**Guest post from Ellen B.**
For those of us who have experienced losing a beloved pet, we know the grief is real and deep. The emotions of going through pet loss are personal and everyone grieves in their own method and speed.
One thing that helped me was to talk with other people who had also experienced the loss of a beloved pet. They listened to me, shared my grief, and shared some of their own insights based on their personal experience. I think these select few people were what helped me grieve my loss, and to move on to being able to savor the memories.
Talking about fond memories of my dog still helps me “Keep the Joy Your Pet Gave You Alive”, as Dr. Holly suggested. Let me tell you about my dog, Lucky.
Lucky was a black lab mix that we adopted at our local shelter when he was 6 years old. At first I wasn’t sold on the idea of a dog, but my son was very persistent. After many visits to the shelter, many talks with pet “people”, and many family discussions, we decided a dog would be a good addition for our family. Lucky brought a new type of love to our family. He adored everyone in our family, but particularly liked to follow me around. He also was like a personal trainer-he motivated me to go on our daily walk…even on days when I thought I was too tired. Other than our walks, one of my fondest memories of Lucky was how he was ALWAYS in the middle of the party whenever one of my children had friends over…like a chaperone! To Lucky, a sleepover was a little piece of heaven right here on earth. We were lucky to have Lucky.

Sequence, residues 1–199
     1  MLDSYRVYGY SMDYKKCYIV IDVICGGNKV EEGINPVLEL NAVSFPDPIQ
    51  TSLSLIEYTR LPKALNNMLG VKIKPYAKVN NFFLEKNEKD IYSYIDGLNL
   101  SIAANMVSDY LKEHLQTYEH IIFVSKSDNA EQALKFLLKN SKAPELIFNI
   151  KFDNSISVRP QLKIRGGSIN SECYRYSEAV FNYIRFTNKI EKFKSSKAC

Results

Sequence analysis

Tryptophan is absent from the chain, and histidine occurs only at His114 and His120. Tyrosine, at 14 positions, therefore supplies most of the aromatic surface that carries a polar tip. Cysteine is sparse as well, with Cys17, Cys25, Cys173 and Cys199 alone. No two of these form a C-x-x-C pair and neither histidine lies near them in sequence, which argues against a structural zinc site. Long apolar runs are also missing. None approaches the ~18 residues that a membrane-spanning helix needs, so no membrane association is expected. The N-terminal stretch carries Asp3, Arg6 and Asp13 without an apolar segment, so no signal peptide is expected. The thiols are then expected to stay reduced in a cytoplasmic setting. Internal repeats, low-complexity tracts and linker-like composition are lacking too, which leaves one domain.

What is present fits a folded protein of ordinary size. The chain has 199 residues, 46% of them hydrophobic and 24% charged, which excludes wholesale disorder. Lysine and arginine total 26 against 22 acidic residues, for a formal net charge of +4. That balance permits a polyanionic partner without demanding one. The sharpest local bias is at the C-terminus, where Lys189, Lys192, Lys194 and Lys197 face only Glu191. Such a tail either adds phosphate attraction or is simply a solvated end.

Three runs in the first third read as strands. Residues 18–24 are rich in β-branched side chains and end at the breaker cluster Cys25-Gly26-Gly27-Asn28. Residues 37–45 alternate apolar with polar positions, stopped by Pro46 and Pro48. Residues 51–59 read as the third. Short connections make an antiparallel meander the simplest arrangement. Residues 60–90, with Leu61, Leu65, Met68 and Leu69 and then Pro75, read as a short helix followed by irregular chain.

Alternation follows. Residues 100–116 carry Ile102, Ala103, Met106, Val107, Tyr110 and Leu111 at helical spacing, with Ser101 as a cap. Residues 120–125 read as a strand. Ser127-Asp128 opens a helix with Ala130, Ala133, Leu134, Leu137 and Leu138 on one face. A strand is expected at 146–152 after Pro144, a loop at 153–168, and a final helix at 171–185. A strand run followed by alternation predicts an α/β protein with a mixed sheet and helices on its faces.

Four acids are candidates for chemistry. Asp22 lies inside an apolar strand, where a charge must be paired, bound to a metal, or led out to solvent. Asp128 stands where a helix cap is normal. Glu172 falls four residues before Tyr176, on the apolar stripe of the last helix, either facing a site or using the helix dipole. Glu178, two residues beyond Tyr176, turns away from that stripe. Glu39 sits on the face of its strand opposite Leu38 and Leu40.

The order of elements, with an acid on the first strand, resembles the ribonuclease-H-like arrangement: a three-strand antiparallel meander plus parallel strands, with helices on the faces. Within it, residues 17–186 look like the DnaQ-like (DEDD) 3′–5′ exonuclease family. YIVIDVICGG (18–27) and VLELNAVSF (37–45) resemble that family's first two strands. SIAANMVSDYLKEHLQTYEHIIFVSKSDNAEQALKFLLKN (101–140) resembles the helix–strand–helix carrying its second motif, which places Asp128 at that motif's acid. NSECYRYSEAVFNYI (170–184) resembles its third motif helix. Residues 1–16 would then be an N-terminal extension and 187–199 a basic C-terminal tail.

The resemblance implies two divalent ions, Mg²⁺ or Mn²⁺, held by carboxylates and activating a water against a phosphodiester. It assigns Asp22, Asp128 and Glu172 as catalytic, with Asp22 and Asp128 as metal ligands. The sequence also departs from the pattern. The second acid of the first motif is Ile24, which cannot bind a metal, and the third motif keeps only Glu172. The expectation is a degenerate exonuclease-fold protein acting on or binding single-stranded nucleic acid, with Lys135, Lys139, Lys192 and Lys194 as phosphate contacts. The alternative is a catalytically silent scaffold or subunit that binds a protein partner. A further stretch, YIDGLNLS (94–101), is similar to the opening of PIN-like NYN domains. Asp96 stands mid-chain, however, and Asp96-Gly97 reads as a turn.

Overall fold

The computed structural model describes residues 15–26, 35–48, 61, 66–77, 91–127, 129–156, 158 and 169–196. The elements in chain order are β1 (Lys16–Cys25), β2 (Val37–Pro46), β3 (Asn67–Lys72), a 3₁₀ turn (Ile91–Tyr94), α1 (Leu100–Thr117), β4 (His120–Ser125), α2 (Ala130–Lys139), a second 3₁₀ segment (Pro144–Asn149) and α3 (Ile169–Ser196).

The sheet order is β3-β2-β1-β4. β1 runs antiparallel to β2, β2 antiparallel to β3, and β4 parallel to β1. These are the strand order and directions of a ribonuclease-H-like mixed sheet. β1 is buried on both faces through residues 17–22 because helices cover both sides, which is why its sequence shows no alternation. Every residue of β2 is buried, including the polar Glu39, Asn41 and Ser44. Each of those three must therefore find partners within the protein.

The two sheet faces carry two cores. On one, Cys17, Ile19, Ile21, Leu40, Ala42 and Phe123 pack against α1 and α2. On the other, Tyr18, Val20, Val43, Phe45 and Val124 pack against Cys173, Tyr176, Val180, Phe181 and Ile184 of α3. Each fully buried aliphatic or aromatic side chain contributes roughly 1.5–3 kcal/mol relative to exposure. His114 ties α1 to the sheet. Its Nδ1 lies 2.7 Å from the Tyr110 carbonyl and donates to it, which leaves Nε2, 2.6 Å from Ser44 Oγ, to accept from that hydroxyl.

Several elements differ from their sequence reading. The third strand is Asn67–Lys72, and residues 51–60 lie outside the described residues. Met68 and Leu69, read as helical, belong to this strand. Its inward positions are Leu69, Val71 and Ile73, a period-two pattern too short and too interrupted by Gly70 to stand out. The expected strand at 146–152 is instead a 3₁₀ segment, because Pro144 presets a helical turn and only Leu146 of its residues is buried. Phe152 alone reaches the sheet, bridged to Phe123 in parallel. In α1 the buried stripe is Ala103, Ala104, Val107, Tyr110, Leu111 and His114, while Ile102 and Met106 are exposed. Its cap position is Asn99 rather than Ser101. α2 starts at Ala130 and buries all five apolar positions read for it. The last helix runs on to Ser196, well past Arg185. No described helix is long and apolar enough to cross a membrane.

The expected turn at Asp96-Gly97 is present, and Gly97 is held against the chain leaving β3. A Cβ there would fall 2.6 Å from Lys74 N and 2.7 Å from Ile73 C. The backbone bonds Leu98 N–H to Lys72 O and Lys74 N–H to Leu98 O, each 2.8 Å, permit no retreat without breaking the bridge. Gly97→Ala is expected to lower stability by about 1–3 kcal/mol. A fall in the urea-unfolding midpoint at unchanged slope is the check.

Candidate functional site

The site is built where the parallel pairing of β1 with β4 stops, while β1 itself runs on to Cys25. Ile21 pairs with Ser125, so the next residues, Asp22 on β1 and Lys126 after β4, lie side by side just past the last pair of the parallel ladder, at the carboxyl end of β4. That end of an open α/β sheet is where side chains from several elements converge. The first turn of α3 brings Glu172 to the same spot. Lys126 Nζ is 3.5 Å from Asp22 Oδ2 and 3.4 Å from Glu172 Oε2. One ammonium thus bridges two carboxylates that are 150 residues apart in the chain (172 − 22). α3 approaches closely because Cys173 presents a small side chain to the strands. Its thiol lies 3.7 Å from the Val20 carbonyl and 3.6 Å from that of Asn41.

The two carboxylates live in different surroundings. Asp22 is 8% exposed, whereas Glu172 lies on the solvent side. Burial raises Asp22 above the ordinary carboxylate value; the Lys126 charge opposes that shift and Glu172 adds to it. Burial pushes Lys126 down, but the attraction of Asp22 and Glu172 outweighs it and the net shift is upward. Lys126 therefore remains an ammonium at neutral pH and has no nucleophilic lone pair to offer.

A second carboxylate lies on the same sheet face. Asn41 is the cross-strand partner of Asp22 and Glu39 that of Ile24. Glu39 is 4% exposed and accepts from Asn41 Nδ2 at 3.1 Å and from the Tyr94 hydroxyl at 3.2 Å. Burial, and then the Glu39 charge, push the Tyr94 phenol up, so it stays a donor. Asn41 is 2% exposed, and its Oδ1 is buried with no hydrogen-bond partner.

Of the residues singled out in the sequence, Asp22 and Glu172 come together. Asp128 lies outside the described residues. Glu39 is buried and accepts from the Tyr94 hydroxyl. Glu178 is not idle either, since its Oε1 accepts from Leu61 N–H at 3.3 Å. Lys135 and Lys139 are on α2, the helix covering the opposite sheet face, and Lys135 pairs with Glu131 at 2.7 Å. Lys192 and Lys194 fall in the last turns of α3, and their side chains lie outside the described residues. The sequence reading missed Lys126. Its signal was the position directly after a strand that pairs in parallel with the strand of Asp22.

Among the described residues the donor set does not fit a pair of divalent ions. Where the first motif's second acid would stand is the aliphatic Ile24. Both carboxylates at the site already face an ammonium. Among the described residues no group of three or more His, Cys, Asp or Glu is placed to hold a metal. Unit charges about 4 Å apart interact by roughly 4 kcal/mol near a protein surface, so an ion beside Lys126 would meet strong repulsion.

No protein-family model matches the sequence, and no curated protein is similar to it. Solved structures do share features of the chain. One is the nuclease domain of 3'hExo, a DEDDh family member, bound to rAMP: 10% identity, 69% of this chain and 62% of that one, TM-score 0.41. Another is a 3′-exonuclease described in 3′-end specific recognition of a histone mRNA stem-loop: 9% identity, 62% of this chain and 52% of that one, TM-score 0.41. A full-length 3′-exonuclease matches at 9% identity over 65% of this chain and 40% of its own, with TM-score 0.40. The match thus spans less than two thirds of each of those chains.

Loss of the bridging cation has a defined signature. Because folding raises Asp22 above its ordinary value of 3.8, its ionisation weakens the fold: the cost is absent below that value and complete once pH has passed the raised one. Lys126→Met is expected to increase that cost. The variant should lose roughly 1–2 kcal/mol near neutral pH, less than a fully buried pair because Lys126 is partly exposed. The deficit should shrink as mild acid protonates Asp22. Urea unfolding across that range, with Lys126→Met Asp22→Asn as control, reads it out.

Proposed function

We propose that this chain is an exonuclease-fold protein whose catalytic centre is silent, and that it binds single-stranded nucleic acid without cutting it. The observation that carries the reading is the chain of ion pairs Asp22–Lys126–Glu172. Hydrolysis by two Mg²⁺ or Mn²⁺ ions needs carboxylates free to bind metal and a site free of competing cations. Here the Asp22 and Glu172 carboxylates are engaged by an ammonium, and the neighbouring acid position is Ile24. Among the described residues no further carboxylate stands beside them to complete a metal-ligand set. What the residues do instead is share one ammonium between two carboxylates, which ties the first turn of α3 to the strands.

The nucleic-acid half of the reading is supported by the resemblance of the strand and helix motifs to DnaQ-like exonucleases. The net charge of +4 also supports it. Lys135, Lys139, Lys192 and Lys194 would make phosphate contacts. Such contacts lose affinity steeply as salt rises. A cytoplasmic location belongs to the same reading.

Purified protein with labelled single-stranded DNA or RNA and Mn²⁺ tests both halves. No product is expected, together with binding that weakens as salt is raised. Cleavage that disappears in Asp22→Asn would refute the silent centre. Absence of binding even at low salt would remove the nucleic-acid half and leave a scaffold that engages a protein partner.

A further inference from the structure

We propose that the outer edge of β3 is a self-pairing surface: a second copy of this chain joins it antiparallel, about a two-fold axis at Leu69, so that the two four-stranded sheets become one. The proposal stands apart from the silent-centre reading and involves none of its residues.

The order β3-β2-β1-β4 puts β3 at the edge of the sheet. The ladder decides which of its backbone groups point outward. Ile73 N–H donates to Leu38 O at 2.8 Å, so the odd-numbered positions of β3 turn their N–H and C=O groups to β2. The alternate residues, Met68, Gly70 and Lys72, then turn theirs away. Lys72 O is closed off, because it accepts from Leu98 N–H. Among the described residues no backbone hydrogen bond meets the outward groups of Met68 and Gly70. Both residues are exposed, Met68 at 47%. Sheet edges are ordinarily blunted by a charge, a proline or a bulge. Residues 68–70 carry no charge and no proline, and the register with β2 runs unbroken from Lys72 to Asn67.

One morning, we were totally caught off-guard, had no idea of the cancer rapidly growing inside him. The night before, he nosed me and insisted that we go for walk. Tail wagging, he lead me on our normal route sniffing and happy. Never in my wildest dream would I have thought the next day his veterinarian would be telling me cancer had taken over his lungs and was shutting down his central nervous system. Never would I have thought he’d be crossing the Rainbow Bridge the next morning.
As Lucky lay in the veterinarian’s office, unable to stand and struggling to breathe, we had a decision to make. If he would survive long enough, we could try a treatment to extend his life…maybe a few months at most. As much as I loved him, we decided that we did not want to have our Lucky dog, who had always been strong and active, to lay immobile and struggle for every breath. What was right in our family was to let him pass peacefully. I truly feel that Lucky understood and was ok with us helping him to die with dignity. He passed in my arms that day at the age of 12 ½.
Like I said, that decision was right for our family. It may have been the wrong decision in other families. I hope if you question a decision you made in regard to your pet’s health, that you accept it as OK. Pet loss is difficult, but I firmly believe our pets know we make decisions with love.
If you are dealing with the loss of a pet or an imminent loss, I hope you’ll connect with a supportive friend. There is a group of us here at Drs. Foster and Smith who have shared our personal experiences of pet loss. We welcome you to connect with us by leaving a comment sharing your insight, fond memories or questions. Let’s “Keep That Joy Our Pet Gave Us Alive.”
Other resources that you might find helpful in dealing with pet loss: